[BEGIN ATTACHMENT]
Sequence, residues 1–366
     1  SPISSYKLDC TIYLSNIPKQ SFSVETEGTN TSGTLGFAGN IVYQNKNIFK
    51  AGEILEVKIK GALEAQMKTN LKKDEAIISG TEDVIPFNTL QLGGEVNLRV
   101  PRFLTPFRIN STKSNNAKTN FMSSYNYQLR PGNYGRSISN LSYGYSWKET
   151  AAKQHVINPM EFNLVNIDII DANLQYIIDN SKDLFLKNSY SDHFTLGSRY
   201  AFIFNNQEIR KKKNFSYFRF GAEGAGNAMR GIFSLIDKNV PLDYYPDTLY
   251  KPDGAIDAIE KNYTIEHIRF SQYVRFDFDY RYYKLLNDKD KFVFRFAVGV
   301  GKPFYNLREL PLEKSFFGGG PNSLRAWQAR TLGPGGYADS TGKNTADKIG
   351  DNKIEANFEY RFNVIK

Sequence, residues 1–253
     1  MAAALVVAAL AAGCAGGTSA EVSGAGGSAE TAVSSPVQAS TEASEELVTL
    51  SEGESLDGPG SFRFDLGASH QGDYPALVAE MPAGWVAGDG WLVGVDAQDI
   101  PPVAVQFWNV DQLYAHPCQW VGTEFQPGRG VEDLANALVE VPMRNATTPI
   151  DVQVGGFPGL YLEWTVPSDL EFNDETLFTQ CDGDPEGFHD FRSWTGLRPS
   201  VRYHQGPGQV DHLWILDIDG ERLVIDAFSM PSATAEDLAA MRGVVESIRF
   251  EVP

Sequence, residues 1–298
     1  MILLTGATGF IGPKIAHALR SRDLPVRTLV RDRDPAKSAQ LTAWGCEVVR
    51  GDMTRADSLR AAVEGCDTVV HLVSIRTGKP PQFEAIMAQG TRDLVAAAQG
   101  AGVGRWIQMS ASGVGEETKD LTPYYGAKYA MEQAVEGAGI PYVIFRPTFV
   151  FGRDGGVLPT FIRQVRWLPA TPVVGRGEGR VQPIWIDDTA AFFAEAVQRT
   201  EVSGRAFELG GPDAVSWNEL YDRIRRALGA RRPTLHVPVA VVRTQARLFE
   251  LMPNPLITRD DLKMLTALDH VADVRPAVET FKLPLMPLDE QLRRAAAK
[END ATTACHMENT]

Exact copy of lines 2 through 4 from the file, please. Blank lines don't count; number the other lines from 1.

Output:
     1  SPISSYKLDC TIYLSNIPKQ SFSVETEGTN TSGTLGFAGN IVYQNKNIFK
    51  AGEILEVKIK GALEAQMKTN LKKDEAIISG TEDVIPFNTL QLGGEVNLRV
   101  PRFLTPFRIN STKSNNAKTN FMSSYNYQLR PGNYGRSISN LSYGYSWKET